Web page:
"It means a lot," Okolo said of winning. "I hope that this can carry the weight that the Heisman does. It’s very important for us athletes to have something to honor us. I’m really blessed that they honored me with this award. When you look at the wall and see the Olympians, gold medalists and world record holders, you know this award it’s not just some small award: It’s a big deal. People who wins this award are the best ever."

The other men’s finalists were Donovan Brazier of Texas A&M and Edward Cheserek of Oregon, while the other women’s finalists were Keturah Orji of Georgia, and Raven Saunders of Mississippi.

The Bowerman Voters consist of national and regional media personnel, track & field statisticians, NCAA collegiate administrators, past winners, and presidents of affiliated organizations.  USTFCCCA members collectively receive one (1) vote, and fans collectively received one (1) vote. 

NOTE:  The USTFCCCA contributed to this report.  Paul Merca of is one of the national media voters of The Bowerman. Photos of Lawson (above) and Okolo (below) by Mike Scott.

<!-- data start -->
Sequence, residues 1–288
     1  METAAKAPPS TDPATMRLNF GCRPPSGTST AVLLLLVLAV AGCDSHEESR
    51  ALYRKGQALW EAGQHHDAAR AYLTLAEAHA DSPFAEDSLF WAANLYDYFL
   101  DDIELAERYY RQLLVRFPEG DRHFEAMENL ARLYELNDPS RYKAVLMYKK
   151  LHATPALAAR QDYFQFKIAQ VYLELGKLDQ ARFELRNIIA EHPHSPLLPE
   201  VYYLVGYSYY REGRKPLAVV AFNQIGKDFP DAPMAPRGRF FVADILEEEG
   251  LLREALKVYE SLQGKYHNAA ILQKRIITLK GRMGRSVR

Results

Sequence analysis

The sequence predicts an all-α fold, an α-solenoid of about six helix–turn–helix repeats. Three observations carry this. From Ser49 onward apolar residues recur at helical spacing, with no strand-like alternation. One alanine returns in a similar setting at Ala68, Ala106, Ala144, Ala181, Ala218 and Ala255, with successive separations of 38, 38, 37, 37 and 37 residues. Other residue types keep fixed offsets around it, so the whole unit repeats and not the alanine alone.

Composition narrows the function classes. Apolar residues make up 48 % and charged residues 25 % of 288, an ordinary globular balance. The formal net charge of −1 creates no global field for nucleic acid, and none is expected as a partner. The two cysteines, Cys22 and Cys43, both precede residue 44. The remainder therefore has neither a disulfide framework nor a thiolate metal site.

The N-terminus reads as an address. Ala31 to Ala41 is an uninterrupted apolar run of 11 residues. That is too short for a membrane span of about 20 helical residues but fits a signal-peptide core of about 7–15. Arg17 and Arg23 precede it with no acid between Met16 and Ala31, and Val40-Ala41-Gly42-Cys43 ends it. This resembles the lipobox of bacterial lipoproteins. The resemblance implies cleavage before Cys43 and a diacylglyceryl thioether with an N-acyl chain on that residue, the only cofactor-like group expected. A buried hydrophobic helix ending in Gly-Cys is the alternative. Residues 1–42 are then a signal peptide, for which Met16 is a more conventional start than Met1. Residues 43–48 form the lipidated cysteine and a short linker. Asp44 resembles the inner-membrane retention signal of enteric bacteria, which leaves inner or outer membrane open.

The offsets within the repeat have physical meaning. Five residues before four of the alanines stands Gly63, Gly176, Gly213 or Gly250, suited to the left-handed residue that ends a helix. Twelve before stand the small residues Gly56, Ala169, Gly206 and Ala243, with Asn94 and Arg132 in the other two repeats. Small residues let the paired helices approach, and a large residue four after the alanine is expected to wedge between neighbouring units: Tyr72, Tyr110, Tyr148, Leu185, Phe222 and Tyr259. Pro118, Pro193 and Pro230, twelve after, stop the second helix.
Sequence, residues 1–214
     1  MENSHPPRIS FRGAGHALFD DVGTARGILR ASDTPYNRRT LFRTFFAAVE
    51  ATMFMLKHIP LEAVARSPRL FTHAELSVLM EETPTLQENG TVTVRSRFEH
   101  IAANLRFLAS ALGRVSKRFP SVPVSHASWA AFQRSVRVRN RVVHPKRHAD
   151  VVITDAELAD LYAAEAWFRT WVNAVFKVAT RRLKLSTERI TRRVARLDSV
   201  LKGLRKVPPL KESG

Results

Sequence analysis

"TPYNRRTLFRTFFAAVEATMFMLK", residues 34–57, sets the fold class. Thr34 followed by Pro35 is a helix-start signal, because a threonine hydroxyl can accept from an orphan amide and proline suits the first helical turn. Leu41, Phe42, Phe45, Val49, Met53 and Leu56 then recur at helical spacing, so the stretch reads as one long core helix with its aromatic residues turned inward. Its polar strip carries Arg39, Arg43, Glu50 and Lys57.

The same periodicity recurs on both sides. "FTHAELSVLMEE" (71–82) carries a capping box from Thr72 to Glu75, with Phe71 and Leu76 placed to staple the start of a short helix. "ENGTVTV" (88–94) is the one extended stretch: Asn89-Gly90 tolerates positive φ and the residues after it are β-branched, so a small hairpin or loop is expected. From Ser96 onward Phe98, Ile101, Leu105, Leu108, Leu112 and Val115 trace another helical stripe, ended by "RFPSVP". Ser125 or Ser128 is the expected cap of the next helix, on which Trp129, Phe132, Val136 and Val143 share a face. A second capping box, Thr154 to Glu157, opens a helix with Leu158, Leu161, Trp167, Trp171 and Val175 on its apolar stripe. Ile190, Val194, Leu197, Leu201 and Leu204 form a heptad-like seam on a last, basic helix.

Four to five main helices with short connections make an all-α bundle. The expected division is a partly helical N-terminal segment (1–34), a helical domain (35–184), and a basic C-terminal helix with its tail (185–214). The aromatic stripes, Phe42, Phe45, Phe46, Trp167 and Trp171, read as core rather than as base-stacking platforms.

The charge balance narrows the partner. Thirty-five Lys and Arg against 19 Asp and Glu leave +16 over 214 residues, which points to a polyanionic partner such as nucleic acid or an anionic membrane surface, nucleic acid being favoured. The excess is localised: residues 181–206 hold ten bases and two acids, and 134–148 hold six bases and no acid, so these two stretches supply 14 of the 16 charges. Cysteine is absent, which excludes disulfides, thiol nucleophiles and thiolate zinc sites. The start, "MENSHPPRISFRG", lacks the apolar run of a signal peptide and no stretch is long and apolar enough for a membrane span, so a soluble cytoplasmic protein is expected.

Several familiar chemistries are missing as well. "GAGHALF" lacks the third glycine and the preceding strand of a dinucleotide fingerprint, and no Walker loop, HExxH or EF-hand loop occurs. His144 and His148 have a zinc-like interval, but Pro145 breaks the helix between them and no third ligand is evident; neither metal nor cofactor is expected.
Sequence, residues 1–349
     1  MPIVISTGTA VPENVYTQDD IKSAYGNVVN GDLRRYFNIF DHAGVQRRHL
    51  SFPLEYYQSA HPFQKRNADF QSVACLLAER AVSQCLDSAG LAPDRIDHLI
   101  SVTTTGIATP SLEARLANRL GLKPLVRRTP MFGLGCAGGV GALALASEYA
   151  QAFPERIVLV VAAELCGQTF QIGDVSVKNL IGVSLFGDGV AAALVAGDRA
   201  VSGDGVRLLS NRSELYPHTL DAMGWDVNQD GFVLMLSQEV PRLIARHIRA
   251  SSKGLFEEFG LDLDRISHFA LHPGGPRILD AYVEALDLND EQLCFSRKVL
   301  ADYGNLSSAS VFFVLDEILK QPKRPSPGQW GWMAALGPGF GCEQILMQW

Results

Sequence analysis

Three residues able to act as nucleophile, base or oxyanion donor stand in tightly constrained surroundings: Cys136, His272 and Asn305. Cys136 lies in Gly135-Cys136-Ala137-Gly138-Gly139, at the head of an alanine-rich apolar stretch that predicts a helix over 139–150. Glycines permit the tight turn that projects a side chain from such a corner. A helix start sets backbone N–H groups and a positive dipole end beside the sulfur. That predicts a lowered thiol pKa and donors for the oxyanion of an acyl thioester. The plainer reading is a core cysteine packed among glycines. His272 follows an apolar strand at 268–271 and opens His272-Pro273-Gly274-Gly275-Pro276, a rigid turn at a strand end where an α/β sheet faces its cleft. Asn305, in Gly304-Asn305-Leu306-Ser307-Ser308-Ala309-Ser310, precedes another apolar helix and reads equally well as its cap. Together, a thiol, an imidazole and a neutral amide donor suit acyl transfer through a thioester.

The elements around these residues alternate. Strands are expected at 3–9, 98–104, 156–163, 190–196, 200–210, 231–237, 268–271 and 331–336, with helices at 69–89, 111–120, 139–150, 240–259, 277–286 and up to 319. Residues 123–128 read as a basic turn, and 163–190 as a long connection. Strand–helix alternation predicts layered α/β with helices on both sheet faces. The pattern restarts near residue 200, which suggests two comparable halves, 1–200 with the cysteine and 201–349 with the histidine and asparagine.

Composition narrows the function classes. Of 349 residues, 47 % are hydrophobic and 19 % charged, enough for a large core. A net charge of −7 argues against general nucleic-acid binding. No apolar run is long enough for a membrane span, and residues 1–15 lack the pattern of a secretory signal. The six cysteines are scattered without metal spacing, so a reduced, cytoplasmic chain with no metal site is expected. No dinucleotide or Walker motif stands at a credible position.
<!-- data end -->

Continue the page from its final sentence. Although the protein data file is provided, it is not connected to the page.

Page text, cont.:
Friday, December 16, 2016

Who I gave my 2016 Bowerman votes to...

For the past several years, I have received a vote as a member of the media for the Bowerman Award, which is given to the top collegiate track & field athlete of the year. It is a privilege that I don’t take lightly, and I am thankful to the United States Track & Field and Cross Country Coaches Association (USTFCCCA) for giving me a vote.

I am fortunate to see many of America’s top collegians compete in person, either indoors at the Dempsey in Seattle, or at some of the major meets that I get to travel to during the year.